FPL mystery: How did small fire knock out power to millions?
Feb 27, 2008
South Florida Sun-Sentinel--Feb. 27, 2008
By John Holland and Julie Patel
It took only three minutes for an overheated switch and then a fire at a power substation near Miami on Tuesday afternoon to shut down a nuclear plant south of the city and trigger Florida’s largest blackout in at least 20 years. Figuring out why is going to take longer.
Florida Power & Light Co. executives said they can’t explain how malfunctions at a substation triggered a domino effect that left at least 2.5 million Floridians without power and affected 20 electrical substations as far away as Daytona Beach and Tampa. Internal controls should have kept the outages from spreading so quickly and that far, company officials said.
“We still don’t know why that didn’t work,” FPL President Armando Olivera said.
Company officials do have a grasp on the sequence of events, tracing it from an overheated voltage switch and subsequent fire at the Miami-Dade County substation at 1:08 p.m., to a precautionary and automatic shutdown of the Turkey Point nuclear power station.
“These types of fires are initiated by what amounts to a short circuit, not unlike a short circuit you’d see at your own household,” Olivera said. “Typically a disconnect switch failing by itself would not cause these type of widespread problems.”
The power failure began at the substation at Flagler and 92nd Avenue in Miami-Dade and soon affected “virtually the whole state,” Olivera said. At its peak, more than 1 million electricity customers from all Florida utilities were without power. Most of the outages were in Miami-Dade and Broward counties. Lights started coming on in most areas within an hour, and by 4:30 p.m. virtually everyone had power restored.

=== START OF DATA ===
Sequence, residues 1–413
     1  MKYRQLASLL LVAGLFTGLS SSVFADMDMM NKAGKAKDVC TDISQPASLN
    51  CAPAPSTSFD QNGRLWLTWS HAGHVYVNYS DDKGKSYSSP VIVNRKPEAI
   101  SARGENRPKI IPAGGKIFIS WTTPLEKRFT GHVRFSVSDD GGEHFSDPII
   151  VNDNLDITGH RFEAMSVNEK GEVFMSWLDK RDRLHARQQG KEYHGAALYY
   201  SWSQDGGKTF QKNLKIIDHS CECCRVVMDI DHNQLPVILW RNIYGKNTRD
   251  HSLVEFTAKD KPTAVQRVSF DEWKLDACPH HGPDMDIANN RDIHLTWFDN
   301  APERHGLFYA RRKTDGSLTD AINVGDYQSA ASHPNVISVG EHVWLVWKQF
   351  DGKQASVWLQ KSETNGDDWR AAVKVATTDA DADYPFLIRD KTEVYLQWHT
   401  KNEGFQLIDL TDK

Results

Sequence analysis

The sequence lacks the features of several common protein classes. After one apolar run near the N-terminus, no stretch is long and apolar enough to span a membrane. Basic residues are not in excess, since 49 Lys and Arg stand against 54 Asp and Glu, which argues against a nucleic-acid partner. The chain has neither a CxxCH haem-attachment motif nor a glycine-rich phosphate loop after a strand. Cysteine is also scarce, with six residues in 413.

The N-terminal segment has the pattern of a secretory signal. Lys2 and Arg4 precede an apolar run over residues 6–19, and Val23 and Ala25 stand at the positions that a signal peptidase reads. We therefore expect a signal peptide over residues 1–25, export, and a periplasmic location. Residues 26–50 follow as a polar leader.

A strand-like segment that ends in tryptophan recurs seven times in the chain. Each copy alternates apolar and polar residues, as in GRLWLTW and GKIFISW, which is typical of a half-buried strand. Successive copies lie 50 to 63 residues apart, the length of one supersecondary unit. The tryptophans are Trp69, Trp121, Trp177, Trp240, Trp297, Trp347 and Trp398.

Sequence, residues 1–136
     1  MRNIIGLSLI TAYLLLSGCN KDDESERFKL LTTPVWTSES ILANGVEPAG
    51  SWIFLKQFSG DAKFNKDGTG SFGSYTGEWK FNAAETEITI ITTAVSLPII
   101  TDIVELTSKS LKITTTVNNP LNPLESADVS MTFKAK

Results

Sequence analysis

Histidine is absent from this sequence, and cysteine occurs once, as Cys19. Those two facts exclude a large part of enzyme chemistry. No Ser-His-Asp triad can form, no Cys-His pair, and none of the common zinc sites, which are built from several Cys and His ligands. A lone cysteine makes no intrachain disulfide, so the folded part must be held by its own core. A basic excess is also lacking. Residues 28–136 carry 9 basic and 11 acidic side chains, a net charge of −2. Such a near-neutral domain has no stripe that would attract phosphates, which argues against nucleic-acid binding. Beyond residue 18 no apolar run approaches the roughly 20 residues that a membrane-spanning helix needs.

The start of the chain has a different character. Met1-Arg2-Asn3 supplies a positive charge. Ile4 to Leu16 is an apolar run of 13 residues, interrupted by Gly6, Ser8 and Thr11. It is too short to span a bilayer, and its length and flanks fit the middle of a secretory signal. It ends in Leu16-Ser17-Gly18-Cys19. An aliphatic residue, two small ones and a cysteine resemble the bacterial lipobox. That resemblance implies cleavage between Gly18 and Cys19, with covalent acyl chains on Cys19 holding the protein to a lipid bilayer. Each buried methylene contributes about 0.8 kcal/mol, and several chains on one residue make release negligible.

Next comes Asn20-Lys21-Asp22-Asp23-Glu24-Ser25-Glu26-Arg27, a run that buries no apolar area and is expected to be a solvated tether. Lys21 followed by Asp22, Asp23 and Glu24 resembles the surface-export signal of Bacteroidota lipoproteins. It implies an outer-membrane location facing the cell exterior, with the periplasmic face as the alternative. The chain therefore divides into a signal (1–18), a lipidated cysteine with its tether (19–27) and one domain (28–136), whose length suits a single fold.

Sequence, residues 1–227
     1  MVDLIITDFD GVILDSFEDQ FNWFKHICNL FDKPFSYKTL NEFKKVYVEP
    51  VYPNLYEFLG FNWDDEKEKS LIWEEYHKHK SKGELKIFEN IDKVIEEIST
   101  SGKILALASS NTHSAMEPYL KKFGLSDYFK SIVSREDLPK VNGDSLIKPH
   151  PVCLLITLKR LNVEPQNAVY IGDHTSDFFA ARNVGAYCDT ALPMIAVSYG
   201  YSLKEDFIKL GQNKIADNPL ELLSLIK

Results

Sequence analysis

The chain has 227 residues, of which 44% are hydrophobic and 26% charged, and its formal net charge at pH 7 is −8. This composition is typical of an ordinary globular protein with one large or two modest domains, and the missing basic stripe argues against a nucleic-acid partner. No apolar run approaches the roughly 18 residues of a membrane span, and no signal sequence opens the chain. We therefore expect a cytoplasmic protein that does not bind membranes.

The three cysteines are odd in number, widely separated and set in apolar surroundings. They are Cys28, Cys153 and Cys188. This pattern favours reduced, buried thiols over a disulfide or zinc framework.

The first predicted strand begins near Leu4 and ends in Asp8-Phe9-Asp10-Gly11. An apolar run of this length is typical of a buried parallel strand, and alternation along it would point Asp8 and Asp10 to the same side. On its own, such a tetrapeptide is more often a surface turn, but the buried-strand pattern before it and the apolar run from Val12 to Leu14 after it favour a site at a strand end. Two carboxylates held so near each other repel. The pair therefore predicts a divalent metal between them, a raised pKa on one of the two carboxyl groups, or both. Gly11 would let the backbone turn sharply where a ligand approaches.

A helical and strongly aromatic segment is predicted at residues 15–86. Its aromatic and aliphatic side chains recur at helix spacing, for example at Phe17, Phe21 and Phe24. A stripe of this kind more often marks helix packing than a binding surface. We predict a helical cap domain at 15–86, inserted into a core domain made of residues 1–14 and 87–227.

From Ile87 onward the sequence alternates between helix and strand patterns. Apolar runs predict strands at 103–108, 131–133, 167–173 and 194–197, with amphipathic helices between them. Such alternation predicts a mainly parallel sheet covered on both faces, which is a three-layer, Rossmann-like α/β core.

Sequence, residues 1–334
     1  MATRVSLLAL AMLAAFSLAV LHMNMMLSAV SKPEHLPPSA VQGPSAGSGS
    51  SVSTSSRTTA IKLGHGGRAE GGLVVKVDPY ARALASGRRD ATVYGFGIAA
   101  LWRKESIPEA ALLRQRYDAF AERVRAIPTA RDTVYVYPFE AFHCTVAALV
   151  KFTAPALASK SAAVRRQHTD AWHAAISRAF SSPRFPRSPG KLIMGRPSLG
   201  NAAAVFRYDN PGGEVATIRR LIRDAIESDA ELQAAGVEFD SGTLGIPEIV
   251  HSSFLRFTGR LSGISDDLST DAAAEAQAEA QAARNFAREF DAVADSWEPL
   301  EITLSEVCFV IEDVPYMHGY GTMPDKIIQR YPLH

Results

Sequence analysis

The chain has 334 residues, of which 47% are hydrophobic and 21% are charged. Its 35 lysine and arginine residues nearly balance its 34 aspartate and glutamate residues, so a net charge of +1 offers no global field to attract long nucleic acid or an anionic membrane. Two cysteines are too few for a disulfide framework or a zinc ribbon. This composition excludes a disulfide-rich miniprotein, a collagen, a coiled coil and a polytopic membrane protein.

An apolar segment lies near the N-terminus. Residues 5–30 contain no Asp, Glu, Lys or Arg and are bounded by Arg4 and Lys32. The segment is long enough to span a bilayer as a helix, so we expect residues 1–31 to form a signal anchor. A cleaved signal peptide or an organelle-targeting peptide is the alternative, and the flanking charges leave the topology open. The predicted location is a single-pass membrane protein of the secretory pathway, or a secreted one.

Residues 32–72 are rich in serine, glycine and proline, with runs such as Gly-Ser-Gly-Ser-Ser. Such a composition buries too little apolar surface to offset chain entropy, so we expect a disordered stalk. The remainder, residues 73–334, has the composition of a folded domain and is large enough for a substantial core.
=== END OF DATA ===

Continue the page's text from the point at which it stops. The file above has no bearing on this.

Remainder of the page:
While FPL officials said they were surprised by the cascading outages, energy experts said it’s common for a shutdown at one substation to ripple to others.
“If you don’t, you could have a small problem become a very major problem really quickly,” J.R. Kelly, public counsel with the Committee on Public Service Commission Oversight. By shutting down quickly, the substations averted potentially far more lasting damage, he said.
But Mike Bedley, a partner with Fort Lauderdale-based energy consulting firm Apex Power Services Corp., said FPL isn’t off the hook yet.
“The good news is that they were safely shut down and we can give them some credit for that,” Bedley said. “But there are some questions. … Did that many plants need to be tripped offline or were there other errors that caused more units to shut down?”
Bedley also said FPL may want to look into whether it was doing enough to maintain its equipment, especially on a day with relatively low demand for electricity. “How did the switch get overheated when it wasn’t a hot day?” he said.
One minute after computer systems detected the fire, two generators at the Turkey Point nuclear power plant in south Miami-Dade County began shutting down as an automatic safety measure, FPL nuclear chief Art Stall said. With the generators off, power began going out across Florida almost immediately.
The result was the biggest outage the company has experienced since at least the 1980s.
“If you get a big imbalance between your demand and your ability to meet that demand …. [the power grids] begin to turn people’s lights off,” Olivera said.
The day’s events caught the attention of environmental groups and others opposed to FPL’s concentration of energy production in huge power plants like Turkey Point.
“Aside from the safety concerns about nuclear power, there’s a real problem when you have huge areas of the state depended on two or three of these huge facilities,” said Stephen Smith, executive director of the Southern Alliance For Clean Energy, an environmental advocacy group that has questioned FPL’s plans for new nuclear power plants in Florida.
The Federal Energy Regulatory Commission, which has responsibility for electricity grid reliability, said it wants to know whether there were any violations of federal grid reliability rules.
Olivera said he can’t rule out human error or anything else at this point.
“In the coming hours and days we will conduct an extensive investigation of everything,” Olivera said. “We have to look at this objectively and look at all possibilities.”